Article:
Wednesday, April 23, 2008

Ingmar Bergman's Wild Strawberries surprised me. It's structure is that of a multifaceted crystalline object, mapping so much of an individual's life- through flashbacks, dream sequences, and encounters with characters that reflect elements of a character's life or fears even as they don't advance the plot.

The last Bergman film I saw, Autumn Sonata, has superficially similar subject matter, but it's more literal, straightforward depiction of a sequence in time makes it play out completely differently. That film is more emotionally draining and brutal, as opposed to the warmth in Wild Strawberries. Autumn Sonata ending points towards the possibility of redemption that Wild Strawberries actually provides.

Wild Strawberries also has amazing black and white cinematography that allows for dreaminess, whereas Autumn Sonata looks shot on video, grounding in the concrete.

But the structure of Wild Strawberries- I'm not sure I've seen a film that's worked like that. It seems like most movies, if they have dream sequences in them, don't have characters that enter the narrative for a scene or two and then leave. And most films that would be that freewheeling wouldn't carry around the same amount of weight and anxiety that's Bergman's general territory. It ends up really resonant for the amount of empty space it carves out for itself. And despite all that, it still only runs for an hour and a half. That's what surprised me, and what made me love it.

Monday, April 21, 2008

Another week, another friend left town. But let's stay focused on the positive, and not become mired in myopia.

Thanks advanced search for publishers, which reveals that Picturebox is putting out a book for Michel Gondry's Be Kind Rewind- I assume the exhibition at Deitch Projects. They're also doing a catalog of Ben Jones paintings. Hopefully the plan for a complete 1-800-Mice book this year will still happen, although it didn't come up in a catalog show. (According to their website, they're putting out a complete Will Sweeney Tales Of Greenfuzz book in 2009, which I can imagine being released the same day as a Thurber tome.)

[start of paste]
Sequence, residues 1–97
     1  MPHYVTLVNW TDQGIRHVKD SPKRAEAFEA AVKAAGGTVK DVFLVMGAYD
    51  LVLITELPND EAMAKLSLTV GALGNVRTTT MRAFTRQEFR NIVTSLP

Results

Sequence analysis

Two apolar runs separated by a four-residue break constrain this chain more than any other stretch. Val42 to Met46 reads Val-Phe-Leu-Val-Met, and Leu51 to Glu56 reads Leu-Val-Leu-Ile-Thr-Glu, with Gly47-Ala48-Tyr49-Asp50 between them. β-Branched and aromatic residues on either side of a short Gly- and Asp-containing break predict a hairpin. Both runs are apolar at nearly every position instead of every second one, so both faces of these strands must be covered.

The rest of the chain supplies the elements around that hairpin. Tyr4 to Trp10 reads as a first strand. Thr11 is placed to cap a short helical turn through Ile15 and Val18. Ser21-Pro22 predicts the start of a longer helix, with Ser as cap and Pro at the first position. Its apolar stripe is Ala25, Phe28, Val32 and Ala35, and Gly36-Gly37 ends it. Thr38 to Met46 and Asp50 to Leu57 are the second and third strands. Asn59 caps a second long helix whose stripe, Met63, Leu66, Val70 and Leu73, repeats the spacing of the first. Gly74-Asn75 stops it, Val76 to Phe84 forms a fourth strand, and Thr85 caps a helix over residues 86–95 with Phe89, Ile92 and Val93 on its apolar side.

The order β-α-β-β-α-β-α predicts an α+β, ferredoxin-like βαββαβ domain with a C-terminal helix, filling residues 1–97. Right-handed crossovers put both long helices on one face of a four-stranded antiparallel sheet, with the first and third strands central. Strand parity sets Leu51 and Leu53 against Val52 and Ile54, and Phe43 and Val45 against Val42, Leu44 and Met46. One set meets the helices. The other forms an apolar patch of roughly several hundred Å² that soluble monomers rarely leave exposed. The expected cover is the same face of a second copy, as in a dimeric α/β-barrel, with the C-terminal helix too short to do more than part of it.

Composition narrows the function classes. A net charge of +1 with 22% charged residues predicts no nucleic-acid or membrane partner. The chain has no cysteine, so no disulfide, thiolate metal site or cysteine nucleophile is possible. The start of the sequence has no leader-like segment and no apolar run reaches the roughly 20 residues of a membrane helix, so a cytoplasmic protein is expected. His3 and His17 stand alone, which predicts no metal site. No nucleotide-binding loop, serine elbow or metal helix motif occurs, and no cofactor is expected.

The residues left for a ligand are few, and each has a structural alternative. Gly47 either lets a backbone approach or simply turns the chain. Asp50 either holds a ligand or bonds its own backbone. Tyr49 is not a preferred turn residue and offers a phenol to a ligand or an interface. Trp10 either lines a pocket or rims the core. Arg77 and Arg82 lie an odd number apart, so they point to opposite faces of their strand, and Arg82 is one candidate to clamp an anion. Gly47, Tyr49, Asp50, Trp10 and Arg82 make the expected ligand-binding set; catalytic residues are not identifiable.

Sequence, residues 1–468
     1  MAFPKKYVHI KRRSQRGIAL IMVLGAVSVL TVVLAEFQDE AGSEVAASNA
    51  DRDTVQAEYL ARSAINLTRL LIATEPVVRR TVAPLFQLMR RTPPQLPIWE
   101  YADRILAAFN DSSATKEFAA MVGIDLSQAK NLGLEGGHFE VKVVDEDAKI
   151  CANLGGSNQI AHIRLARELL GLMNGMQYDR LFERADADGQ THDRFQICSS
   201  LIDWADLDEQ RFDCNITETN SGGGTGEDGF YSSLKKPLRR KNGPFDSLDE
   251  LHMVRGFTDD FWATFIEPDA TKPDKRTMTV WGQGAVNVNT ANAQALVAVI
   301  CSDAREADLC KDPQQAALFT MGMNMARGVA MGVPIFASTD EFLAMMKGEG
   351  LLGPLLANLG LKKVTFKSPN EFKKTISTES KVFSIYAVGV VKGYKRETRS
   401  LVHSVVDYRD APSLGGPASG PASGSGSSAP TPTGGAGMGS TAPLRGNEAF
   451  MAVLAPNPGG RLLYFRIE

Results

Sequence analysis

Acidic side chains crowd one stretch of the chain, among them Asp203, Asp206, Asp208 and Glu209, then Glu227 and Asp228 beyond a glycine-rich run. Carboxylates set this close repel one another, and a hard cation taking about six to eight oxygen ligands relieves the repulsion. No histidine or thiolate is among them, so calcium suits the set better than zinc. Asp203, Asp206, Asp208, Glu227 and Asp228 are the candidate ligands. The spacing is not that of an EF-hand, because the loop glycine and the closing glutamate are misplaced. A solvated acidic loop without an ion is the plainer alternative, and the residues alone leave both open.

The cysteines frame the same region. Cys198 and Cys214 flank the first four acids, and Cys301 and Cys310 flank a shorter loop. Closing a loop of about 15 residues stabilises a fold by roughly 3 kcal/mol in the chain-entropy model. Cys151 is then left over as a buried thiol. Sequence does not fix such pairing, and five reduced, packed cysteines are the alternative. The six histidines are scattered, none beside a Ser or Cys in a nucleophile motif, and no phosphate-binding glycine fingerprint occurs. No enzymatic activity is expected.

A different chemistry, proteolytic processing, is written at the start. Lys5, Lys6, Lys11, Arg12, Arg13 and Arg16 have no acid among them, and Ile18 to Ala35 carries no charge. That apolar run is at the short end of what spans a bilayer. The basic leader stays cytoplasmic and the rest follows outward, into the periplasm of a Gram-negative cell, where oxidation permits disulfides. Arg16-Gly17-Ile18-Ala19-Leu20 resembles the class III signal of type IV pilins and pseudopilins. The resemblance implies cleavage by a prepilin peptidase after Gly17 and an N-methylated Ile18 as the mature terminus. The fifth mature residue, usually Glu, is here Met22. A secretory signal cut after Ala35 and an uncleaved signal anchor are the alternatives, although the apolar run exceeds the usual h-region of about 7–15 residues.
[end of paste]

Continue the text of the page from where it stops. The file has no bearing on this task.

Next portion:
The newest song to be stuck on repeat is by this band on Orange Twin called Nana Grizol, that appeared on an mp3 blog. I could loop it so easy, ad infinitum, but not for healthy reasons. I'm sure you can imagine. I'm trying to track down the record, or at least a second track to determine whether a purchase would be sensible. The album art is terrible.

The new Silver Jews record has fucking awesome album art! Stephen Bush!

That Beck record that was really popular ten years ago, and was reissued recently has a bunch of songs on it I didn't remember at all! This includes songs that were hits, to a certain degree.

I don't know, people. This post is all about its first paragraph, and trying to avoid the feeling of weight accumulating. The weight, I guess- this is how I'm going to articulate it right now- is that of a pretty general anxiety, what am I going to do with the future. Everyone I know shares this, in this little town. The thing is, the more people are around, the more that weight is distributed, to the point of almost being a non-issue: In a large enough community, that anxiety abates because stasis becomes more appealing. There's an element of a big-fish-in-small-pond syndrome easily diagnosed, but at its best moments, a rich community feels more like an aquarium. Or that's all bullshit, actually, sound and fury that just signifies that I am missing a lot of people pretty goddamn seriously.

(Does it mean anything that I went back to an old record from a completely different period of my life, that I probably haven't listened to since moving to Olympia, and scarcely recognized it?)

One friend I haven't seen in a while wrote a pretty great review of Juno in the comments of the post where I talked about Juno, if you haven't read it.

I keep on thinking in terms of new habits. I would like to start gardening really intensely, and using the computer much more sparingly. Analog equipment: sewing machines, typewriters and tape recorders. Although digital video still. I don't know, it's a pretty vague vision.

Friday, April 18, 2008

I spent last Sunday at the home of my newest friend, a day before she left the west coast. There came a point where she said "Ever do the thing where you just stare at your face in the mirror for so long it becomes a bunch of different faces?" "No," I said, "but my buddy Alex said he did something similar as a kid, and that he later got the same feeling by drinking cough syrup." "Yeah, it's kind of like that." Then we sat and stared, my shortness keeping my face just barely within the mirror's frame. "Focus on the whites of your eyes," she advised. I did: mostly it was the edges of my mouth that shifted and warped. Minutes passed, and eventually I recoiled sharply to the right. "Did you see it?" "It happened like seven times, and finally I saw a face I really didn't want to look at. Dude looked like he was going to rape me."

This really happened. It is too subjective to ever be in a film, which is too bad for the cinematic art but amazing for life as a thing you live.